The very factual situation which Justice Holmes describes in his dissent is present in this case. There is not a scintilla of independent evidence, other than the defendant's statement, placing Walston at the scene of the crime. Indeed, the officers testified that there was no one other than the defendant, Alexander, near the crime scene. At the trial, Walston, Alexander's friend, was called to the stand by Alexander's counsel. Defense counsel requested the trial judge to advise Walston of his constitutional rights to refuse to testify. The trial judge did so. A colloquy followed between defense counsel and Walston, and Walston admitted nothing, invoking his constitutional rights under the Fifth Amendment. He was then excused from the witness stand. Alexander was recalled to the stand and testified that Walston had told him he, rather than Alexander, had possession of the narcotics. The record does not show when or where this conversation occurred, as it is completely lacking in foundation, although on cross-examination Alexander stated Walston had made his statement about a day and a half before his trial.

We have found no case supporting the minority rule, which admitted a declaration against penal interest solely through the mouth of the defendant. And understandably so. In such an instance there is a total absence of the ingredient which sanctions the admissibility of declarations against interest, namely, the strong likelihood that the declarant would not falsely make an incriminating statement which jeopardized his own interest.

Walston's refusal to testify on the grounds that his answer might incriminate him may not be interpreted as any inference of his guilt. The record is void of any such evidence except the self-serving statement of Alexander, which the trial judge ruled was hearsay and inadmissible. We agree.

The judgment of conviction is affirmed.

COLLINS, J., and CRAVEN, D.J., concur.

THOMPSON, C.J., with whom ZENOFF, J. concurs, dissenting:

The majority opinion commits Nevada to an archaic rule of evidence established by the House of Lords in 1884 in the Sussex Peerage Case, 11 Clark F. 85, and characterized by experts as an historical accident without reason to support it. See: 5 Wigmore, Evidence, 3d, § 2477; McBain, California Evidence Manual § 813. The law reviews question whether the English rule ever had validity. See: 11 Kan.L.Rev. 275 (1962); Wash. LeeL.Rev. 126 (1959); 61 W. Va.L.Rev. 149 (1959); 28 Journal of Criminal Law and Criminology 760 (1938); 21 Minn.L.Rev. 181 (1936); 10 N.C.L.Rev. 84 (1931). The Model Code of Evidence, rule 509 (1942), rejects it. A significant body of state courts have proclaimed that they will not follow it. People v. Spriggs, 389 P.2d 377 (Cal. 1964); People v. Lettrich, 108 N.E.2d 488 (Ill. 1952); Cameron v. State, 217 S.W.2d 23 (Tex.Cr. 1949); In re Forythes' Estate, 22 N.W.2d 19 (Minn. 1946); Sutter v. Easterly, 189 S.W.2d 284 (Mo. 1945); Brennan v. State, 134 A. 148 (Md.App. 1926). In People v. Spriggs, supra, Justice Traynor articulates the persuasive reasons for California's break with the ancient English rule and those reasons need not here be restated. Nevada should now announce that a declaration against penal interest is admissible as an exception to the rule precluding hearsay evidence since such a declaration is probably trustworthy and reliable.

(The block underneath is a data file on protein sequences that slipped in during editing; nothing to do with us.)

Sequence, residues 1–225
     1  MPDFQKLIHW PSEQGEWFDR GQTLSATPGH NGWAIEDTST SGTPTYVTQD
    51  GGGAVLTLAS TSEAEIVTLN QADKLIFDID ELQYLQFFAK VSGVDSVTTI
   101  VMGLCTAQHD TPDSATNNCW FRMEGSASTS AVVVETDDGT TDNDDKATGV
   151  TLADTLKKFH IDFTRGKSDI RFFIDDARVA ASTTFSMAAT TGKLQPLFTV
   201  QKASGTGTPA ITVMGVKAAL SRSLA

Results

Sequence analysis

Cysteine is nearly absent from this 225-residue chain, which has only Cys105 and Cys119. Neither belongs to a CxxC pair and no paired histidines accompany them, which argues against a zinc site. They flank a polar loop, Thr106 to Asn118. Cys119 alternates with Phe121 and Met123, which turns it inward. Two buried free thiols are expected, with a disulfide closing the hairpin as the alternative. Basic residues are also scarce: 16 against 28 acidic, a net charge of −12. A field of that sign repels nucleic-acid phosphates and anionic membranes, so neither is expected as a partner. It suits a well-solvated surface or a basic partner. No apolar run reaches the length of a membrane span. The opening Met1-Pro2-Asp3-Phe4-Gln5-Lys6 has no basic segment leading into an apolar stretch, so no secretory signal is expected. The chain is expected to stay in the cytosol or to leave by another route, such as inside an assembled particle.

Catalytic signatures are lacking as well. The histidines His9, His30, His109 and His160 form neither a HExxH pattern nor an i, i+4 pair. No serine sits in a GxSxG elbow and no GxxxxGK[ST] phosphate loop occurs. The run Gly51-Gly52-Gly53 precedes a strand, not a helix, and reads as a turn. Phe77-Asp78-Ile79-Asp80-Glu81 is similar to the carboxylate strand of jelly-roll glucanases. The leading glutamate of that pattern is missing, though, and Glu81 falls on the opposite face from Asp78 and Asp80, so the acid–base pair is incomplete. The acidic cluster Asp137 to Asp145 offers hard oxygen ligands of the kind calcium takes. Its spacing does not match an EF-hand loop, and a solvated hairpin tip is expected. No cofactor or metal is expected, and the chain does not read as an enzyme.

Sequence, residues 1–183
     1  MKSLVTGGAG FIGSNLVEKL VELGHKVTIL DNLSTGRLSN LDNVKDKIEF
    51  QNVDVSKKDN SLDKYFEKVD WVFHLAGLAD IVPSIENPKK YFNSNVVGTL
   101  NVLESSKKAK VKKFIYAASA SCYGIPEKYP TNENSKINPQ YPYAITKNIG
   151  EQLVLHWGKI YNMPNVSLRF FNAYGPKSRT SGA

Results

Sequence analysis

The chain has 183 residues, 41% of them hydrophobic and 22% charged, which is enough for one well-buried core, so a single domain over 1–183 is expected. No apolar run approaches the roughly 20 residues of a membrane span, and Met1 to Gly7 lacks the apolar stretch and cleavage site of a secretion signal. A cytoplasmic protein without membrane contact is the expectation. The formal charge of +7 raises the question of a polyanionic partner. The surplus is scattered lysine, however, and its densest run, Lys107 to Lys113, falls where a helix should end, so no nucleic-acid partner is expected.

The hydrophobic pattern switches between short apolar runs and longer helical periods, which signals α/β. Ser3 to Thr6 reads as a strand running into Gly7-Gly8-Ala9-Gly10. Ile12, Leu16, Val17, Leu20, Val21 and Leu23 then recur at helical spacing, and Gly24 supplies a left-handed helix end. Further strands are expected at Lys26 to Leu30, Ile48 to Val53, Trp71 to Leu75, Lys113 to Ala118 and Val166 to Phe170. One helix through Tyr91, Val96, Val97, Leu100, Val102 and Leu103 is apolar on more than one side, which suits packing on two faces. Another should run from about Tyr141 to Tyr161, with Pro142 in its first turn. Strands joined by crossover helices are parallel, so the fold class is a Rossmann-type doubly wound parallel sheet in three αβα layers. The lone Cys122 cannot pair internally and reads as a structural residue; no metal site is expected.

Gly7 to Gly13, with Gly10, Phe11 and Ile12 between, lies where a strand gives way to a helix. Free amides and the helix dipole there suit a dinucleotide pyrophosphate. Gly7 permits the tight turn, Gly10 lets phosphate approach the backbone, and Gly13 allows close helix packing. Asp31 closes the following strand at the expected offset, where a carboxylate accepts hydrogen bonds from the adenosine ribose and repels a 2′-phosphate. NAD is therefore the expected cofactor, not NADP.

The out-of-court declarations by Walston against his penal interest, first made to the accused and later to the probation officer, bore directly upon the central issue of guilt and, if believed, would demand an acquittal. Walston told the accused that he, Walston, possessed the marijuana and that it was his. He subsequently telephoned the probation officer and once more made that admission. According to the testimony of the accused, Walston was at the crime scene and threw the package which the police retrieved.

The accused was not allowed to testify to Walston's out-of-court admission since it was hearsay. Testimony from the probation officer also was precluded on that ground, and for the additional reason that a sufficient foundation was not established to identify Walston as the person using the telephone. In each instance the hearsay objection should have been overruled and the testimony received as an admission against the declarant's penal interest. Walston's election to invoke his Fifth Amendment privilege against self-incrimination rendered him "unavailable" as a witness as surely as though he were dead. Sutter v. Easterly, supra; Band's Refuse Removal, Inc. v. Borough of Fair Lawn, 163 A.2d 465 (N.J. 1960); Morgan, Declarations Against Interest, 5 Vand.L.Rev. 451.

The identification of the other party to a telephone conversation may be shown circumstantially. Positive voice identification by the hearer is not required. King v. State, 80 Nev. 269, 271, 392 P.2d 310 (1964). The circumstances pointing to the identification of Walston as the other party to the telephone conversation with the probation officer are strong. The caller identified himself as Walston. He told the same story to the probation officer that he had previously told the accused. When asked questions on the witness stand relating to his earlier out-of-court declarations against penal interest, he declined to answer since his answers might incriminate him. With these circumstances in the record one must press to conclude that an adequate foundation for that conversation was not established. Indeed, such a conclusion is tantamount to requiring positive voice identification by the hearer — a requirement which Nevada has rejected.

The conviction should be set aside and a new trial ordered.